Display measurement experts DisplayMate reviewed the display and found that it is a state-of-the-art flexible OLED display that sets or matches several records, including the highest absolute color accuracy, the lowest screen reflectance and the smallest brightness variation with viewing angle.
According to a report from Korea's JoongAng Ilbo newspaper, LG Display has passed Apple's quality requirements and has started to produce AMOLED displays for Apple's next generation iPhone, to be announced in September.
According to JoongAng Ilbo, Apple aims to ship around 65 million units of its new smartphones, and has contracted LGD to produce between 6 to 7 million panels, around 10% of Apple's total needs. The rest will be produced by Samsung Display. LGD will produce the displays at its E6 production line in Paju, Korea.
LG Display announced its unaudited financial results for Q2 2019, and updated on its upcoming OLED projects.
First of all, LGD announced an additional investment of KRW 3 trillion ($2.5 billion) P10 10.5-Gen OLED TV fab in Paju. Last month it was reported that LG display has started to install some of the Oxide-TFT deposition equipment (supplied by Applied Materials and Jusung Engineering). The mass production at the first lines in the P10 fab is expected to begin in 2021. LG Display did not disclose any more details regarding this new $2.5 billion investment plan yet.
According to a new report from Korea, LG Electronics is in talks with China-based BOE to supply OLED panels for future smartphones -and replace LGE's current supplier - it's sister company LG Display.
The report suggests two reasons for LG's talk with BOE. First is LG's drive to cut costs as its mobile phone business is losing massive amounts of money. The second reason is that LG Display cannot supply enough panels for LG Electronics as it still struggles with low production yields.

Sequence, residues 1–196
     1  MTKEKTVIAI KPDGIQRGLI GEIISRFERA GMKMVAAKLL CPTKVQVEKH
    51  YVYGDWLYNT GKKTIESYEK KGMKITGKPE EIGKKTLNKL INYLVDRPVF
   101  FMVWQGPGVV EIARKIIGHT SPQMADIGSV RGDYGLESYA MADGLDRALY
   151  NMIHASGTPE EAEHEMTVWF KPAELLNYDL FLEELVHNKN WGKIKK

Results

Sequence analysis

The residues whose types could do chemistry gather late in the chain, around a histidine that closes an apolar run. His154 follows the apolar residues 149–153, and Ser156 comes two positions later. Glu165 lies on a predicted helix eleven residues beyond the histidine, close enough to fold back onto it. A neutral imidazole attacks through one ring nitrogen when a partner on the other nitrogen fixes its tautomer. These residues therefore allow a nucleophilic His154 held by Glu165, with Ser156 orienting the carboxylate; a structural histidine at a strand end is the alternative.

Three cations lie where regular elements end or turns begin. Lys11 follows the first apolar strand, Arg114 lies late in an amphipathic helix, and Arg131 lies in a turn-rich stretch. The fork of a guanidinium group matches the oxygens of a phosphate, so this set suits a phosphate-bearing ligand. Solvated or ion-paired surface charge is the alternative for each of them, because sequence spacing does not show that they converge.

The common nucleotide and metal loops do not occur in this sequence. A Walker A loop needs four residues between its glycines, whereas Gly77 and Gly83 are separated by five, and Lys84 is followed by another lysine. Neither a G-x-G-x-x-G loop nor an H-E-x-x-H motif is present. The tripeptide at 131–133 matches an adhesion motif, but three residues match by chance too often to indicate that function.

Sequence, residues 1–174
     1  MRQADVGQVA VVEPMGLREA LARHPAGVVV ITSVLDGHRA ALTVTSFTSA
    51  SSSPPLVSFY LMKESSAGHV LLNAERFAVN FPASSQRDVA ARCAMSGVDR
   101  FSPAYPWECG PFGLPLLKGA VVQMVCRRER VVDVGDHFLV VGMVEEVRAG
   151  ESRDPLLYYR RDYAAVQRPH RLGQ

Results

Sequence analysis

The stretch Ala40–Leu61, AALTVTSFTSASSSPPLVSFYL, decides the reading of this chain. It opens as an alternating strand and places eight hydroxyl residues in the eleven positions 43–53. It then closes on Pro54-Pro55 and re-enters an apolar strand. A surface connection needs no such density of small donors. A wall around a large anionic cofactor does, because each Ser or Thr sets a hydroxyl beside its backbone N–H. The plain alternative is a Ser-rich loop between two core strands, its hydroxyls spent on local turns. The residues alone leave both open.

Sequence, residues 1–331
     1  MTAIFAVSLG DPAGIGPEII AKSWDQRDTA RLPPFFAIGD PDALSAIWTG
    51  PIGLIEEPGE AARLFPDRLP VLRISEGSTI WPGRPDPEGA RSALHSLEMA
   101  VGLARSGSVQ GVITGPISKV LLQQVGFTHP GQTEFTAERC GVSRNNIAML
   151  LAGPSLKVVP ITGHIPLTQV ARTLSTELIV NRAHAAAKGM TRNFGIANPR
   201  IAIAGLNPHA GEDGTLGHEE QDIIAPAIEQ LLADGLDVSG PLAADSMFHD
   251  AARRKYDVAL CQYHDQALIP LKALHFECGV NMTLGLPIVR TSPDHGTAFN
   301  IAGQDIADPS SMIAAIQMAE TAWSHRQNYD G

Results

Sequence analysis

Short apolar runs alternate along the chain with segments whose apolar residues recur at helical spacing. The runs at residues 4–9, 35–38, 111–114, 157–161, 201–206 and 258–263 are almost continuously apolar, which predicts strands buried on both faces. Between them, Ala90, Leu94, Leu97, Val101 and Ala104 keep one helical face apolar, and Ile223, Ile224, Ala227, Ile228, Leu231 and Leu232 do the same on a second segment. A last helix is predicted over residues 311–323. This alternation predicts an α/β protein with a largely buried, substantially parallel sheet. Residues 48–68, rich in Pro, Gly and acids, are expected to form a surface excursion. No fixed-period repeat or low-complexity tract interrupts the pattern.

LG Electronics announced that its latest smartphone, the V50 ThinQ 5G is off to a great start, having sold 100,000 units in Korea in the first week following its launch. LGE says that this is more than four times than the sales of its V40 smartphone.
The V50 ThinQ 5G sports a 6.4" 1440x3120 pOLED display, a Qualcomm Snapdragon 855 chipset, 6GB of RAM, 128GB of storage and a microSD slot. LG's first 5G smartphone also offers a triple camera setup.
LG Display announced that it has shipped over 100 million automotive displays. The area of all the displays the company has produced so far is equivalent to around 1.5 million m2, or 200 football fields. LG is supplying its automotive displays to Daimler Benz, BMW, Hyundai Motors, Toyota, Honda, Tesla, GM, and more.
LGD is currently producing only LCD automotive displays, but the company has been developing pOLED automotive for many years. LGD now says that it will start producing automotive pOLED displays by the end of Q2 2019, in its 6-Gen E5 flexible OLED line in Gumi, Korea.